In hindsight, it is easy to point at events that changed the course of history or shaped modern western culture, values and economy for good.
It is usually more complicated to point at such events as they unfold and imagine how monumental their aftermath might be on our lives.
When the Berlin Wall fell on Nov. 9, 1989, how many people realized to what extent the world would change forever? Who could have envisioned that the assassination of Archduke of Austria Franz Ferdinand would lead to four years of hell in Europe?
Similarly, the United States’ withdrawal from Afghanistan, and the manner in which it was conducted, eventually might be viewed a watershed moment in history, in ways we are yet to discover. Its long-term implications could stretch far beyond the Middle East, pertaining also to Europe and Asia.
One year ago, the world watched American forces pull out of Afghanistan, leaving behind $7 billion in military equipment without much sentiment from the U.S. administration for allies whose fate would fall into the hands of the Taliban.
Dictatorships like China, Russia, Iran and North Korea have been playing close attention to the demonstration of American vulnerability and weakness abroad. Domestically, the U.S. public discourse has been occupied with whether the U.S. was founded in 1776 or 1619, and whether men can breastfeed.
Undeterred by the Biden-era zeitgeist on foreign conflict, Russian President Vladimir Putin drew his own conclusions and waged a war on Ukraine. After 23 weeks of fighting, Russian forces are still holding the line, despite western sanctions, some poor battlefield performances and multiple losses.
Concurrently, China and its mighty military observed these developments, wondering where to extract gain and what the right time is to claim it. Chinese authorities, not necessarily swayed by Washington’s current standing in the world, have wondered if they might have an opportunity to claim what they have long believed is theirs: the self-governing island of Taiwan.
Last week, China used U.S. House Speaker Nancy Pelosi’s visit to Taiwan as a pretext to test the waters. Threatening statements escalated quickly into actions, with Beijing launching cyberattacks and military drills in the air and at sea near the territory of Taiwan.
Overall, Pelosi's visit ended peacefully. Nonetheless, it could still be a mistake to interpret China’s relative restraint as weakness.
Against China’s provocations, both Pelosi and the White House made clear that there is no change in the status quo of “strategic ambiguity” over Taiwan and the “One-China” policy, which maintains that Taiwan belongs to China, despite its large degree of legitimized self-determination.
Upon her arrival, the House Speaker published an op-ed in The Washington Post, which noted that her visit “in no way contradicts the long-standing one-China policy, guided by the Taiwan Relations Act of 1979, the U.S.-China Joint Communiques and the Six Assurances.”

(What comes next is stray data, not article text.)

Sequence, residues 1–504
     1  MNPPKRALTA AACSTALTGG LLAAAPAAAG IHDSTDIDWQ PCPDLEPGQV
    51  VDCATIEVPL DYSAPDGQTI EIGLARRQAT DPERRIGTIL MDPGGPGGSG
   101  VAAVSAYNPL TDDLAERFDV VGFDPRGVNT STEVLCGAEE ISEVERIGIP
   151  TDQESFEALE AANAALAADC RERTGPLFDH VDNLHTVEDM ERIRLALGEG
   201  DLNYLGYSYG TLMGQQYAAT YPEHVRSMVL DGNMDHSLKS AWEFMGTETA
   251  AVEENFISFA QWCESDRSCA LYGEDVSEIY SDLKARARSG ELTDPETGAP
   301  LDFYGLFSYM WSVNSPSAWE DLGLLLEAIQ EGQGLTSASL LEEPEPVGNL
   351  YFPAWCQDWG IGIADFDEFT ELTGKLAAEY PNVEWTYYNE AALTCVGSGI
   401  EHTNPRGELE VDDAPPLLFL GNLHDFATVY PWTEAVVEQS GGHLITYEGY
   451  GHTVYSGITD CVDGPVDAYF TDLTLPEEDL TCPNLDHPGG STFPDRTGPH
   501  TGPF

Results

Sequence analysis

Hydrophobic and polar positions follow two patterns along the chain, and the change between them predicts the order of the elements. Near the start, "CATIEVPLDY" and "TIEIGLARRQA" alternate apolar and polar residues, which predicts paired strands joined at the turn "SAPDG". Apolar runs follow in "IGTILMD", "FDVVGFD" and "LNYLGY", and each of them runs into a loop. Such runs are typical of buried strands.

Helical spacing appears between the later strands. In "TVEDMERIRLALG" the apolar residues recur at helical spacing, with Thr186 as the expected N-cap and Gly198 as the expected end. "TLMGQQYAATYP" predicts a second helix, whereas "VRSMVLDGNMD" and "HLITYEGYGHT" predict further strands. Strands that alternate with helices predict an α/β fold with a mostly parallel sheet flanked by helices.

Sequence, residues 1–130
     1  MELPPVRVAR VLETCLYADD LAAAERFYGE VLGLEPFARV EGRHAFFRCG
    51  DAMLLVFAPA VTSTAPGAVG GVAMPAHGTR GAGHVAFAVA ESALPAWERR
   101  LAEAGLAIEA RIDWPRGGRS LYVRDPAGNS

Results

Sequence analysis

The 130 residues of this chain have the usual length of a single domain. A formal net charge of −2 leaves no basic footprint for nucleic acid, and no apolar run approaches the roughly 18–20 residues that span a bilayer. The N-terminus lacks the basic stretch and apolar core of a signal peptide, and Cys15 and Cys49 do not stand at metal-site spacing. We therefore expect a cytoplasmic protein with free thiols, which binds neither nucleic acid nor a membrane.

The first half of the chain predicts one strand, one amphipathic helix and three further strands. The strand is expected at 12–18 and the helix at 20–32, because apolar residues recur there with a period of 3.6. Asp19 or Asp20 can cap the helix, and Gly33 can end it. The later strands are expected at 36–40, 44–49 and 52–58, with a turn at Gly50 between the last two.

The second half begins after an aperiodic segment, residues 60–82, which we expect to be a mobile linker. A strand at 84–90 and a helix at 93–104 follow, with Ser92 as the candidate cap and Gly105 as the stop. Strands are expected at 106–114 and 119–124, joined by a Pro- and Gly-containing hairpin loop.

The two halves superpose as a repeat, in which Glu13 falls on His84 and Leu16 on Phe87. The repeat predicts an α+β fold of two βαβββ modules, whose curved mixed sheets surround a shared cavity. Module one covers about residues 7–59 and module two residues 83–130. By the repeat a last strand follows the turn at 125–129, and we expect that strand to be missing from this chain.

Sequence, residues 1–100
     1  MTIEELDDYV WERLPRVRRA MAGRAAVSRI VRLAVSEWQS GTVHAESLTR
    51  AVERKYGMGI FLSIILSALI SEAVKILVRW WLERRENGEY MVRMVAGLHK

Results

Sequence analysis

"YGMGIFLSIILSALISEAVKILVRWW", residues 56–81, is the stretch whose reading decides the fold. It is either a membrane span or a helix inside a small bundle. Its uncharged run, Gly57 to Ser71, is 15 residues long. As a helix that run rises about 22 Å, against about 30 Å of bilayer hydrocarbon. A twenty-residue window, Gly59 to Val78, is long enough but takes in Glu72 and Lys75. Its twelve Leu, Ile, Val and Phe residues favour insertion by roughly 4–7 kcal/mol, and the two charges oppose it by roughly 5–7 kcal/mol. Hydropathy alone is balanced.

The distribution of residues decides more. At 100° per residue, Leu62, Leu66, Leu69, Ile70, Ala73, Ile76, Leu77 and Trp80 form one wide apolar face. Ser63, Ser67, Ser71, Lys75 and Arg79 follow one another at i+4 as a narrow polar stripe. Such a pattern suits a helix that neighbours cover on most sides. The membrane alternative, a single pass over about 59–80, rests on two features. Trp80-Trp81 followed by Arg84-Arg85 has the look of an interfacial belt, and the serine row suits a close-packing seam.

“The United States continues to oppose unilateral efforts to change the status quo,” Pelosi said.
On Tuesday, White House spokesperson John Kirby said America does not support an independent Taiwan.
The 23 million people living on the island nation know that, when push comes to shove, they will have to protect themselves. Taiwan cannot be encouraged by the international support of Ukraine. As President George W. Bush once said, “The United States would help Taiwan defend itself.”
Taiwan recently held a large exercise aimed at preparing both the armed forces and the civilian population for the possible scenario of a Chinese invasion.
Meanwhile, the Islamic Republic of Iran also has been getting the wrong idea from the western rise to challenges from both Russia and China, in the aftermath of the pullout from Afghanistan. Tehran has determined that the U.S. is desperate to sign a new nuclear deal, no matter what, simply to show some achievement on the foreign front.
Even though the U.S. was able to send a clear message to global troublemakers last weekend, with the targeted killing of Al Qaeda leader Ayman al-Zawahiri in Kabul, the shift in perceptions about America’s strength as a nation already has left its mark on American deterrence capabilities.
The regime in Tehran has realized that the U.S. is squeezable, as the Biden administration wishes to avoid conflict at almost every cost, and Europe is simply thirsty for cheaper energy. At the same time, both the U.S. and Europe are vying for calm and some sense of diplomatic accomplishment.
Given these circumstances, Iran decided that it’s time for an all-in gamble.
By pushing the Vienna negotiations to the edge, Iran can either get far-reaching concessions from world powers, through a nuclear deal that would benefit its economy and wouldn’t hinder its long-term atomic plan, or it can rely on a 25-year-long economic partnership with China and agreements with Russia, which would sustain the regime by circumventing whatever sanctions are still in place.
Instead of pressuring Iran within the negotiation process, the Biden administration has loosened the tight grip of the Trump era on the Iranian economy.
This is how the sides have arrived at a “cautiously optimistic” new round of nuclear negotiations, which kicked off in Vienna on Thursday, after a weeks-long stalemate.
On foreign policy, former U.S. President Donald Trump has been accused by his critics of “getting along too much” with world dictators.
Others can claim that Trump, in fact, was implementing Theodore Roosevelt’s famous mantra of “walking softly and carrying a big stick.”
Under Biden’s leadership, world dictators have noticed that the United States is no longer carrying a stick. Soft speaking is all that is left.
Tal Heinrich is a senior correspondent for both ALL ISRAEL NEWS and ALL ARAB NEWS. She is currently based in New York City. Tal also provides reports and analysis for Israeli Hebrew media Channel 14 News.